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Today's Stichomancy for Hugh Grant

The first excerpt represents the past or something you must release, and is drawn from Kidnapped by Robert Louis Stevenson:

warlike, merry, plaintive; reel tunes that made the foot go faster; tunes of my own south country that made me fain to be home from my adventures; and all these, on the great, dark, desert mountains, making company upon the way.

CHAPTER XXI

THE FLIGHT IN THE HEATHER: THE HEUGH OF CORRYNAKIEGH

Early as day comes in the beginning of July, it was still dark when we reached our destination, a cleft in the head of a great mountain, with a water running through the midst, and upon the one hand a shallow cave in a rock. Birches grew there in a thin, pretty wood, which a little farther on was changed into a wood of


Kidnapped
The second excerpt represents the present or the deciding factor of the moment, and is drawn from The Adventures of Huckleberry Finn by Mark Twain:

by; and told his driver to wait, and we drove off a little piece, and I told him the kind of a fix I was in, and what did he reckon we better do? He said, let him alone a minute, and don't disturb him. So he thought and thought, and pretty soon he says:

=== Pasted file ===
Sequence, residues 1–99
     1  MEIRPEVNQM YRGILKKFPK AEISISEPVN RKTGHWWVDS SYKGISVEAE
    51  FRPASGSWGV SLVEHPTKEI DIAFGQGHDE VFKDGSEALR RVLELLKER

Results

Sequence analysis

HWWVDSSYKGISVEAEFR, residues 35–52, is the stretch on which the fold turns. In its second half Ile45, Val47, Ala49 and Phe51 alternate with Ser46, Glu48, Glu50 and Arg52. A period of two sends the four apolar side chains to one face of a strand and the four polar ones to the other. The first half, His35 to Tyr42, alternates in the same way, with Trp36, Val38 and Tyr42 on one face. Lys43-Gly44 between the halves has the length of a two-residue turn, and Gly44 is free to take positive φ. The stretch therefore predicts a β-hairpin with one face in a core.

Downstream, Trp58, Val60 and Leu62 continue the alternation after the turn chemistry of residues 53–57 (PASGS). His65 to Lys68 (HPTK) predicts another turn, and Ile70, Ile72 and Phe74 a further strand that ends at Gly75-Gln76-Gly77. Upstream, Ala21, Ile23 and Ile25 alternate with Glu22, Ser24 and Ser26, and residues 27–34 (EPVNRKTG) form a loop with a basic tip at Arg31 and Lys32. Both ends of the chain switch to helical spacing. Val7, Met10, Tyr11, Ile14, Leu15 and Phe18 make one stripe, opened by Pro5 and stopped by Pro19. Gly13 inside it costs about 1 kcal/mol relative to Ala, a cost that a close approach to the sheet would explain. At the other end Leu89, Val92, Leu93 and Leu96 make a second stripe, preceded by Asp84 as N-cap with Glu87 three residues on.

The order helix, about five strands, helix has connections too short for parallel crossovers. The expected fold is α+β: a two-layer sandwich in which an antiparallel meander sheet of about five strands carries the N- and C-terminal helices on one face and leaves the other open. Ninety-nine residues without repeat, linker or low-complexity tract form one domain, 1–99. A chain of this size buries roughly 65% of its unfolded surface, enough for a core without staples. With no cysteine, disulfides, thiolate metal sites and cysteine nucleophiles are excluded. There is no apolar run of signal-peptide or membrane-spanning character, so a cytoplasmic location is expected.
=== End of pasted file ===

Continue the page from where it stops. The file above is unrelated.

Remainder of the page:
"It's all right; I've got it. Take my trunk in your wagon, and let on it's your'n; and you turn back and fool along slow, so as to get to the house about the time you ought to; and I'll go towards town a piece, and take a fresh start, and get there a quarter or a half an hour after you; and you needn't let on to know


The Adventures of Huckleberry Finn
The third excerpt represents the future or something you must embrace, and is drawn from Louis Lambert by Honore de Balzac:

Lambert returned to Blois at the beginning of 1820, driven from Paris by the sufferings to which the impecunious are exposed there. He must often have been a victim to the secret storms, the terrible rage of mind by which artists are tossed to judge from the only fact his uncle recollected, and the only letter he preserved of all those which Louis Lambert wrote to him at that time, perhaps because it was the last and the longest.

To begin with the story. Louis one evening was at the Theatre- Francais, seated on a bench in the upper gallery, near to one of the pillars which, in those days, divided off the third row of boxes. On rising between the acts, he saw a young woman who had just come into


Louis Lambert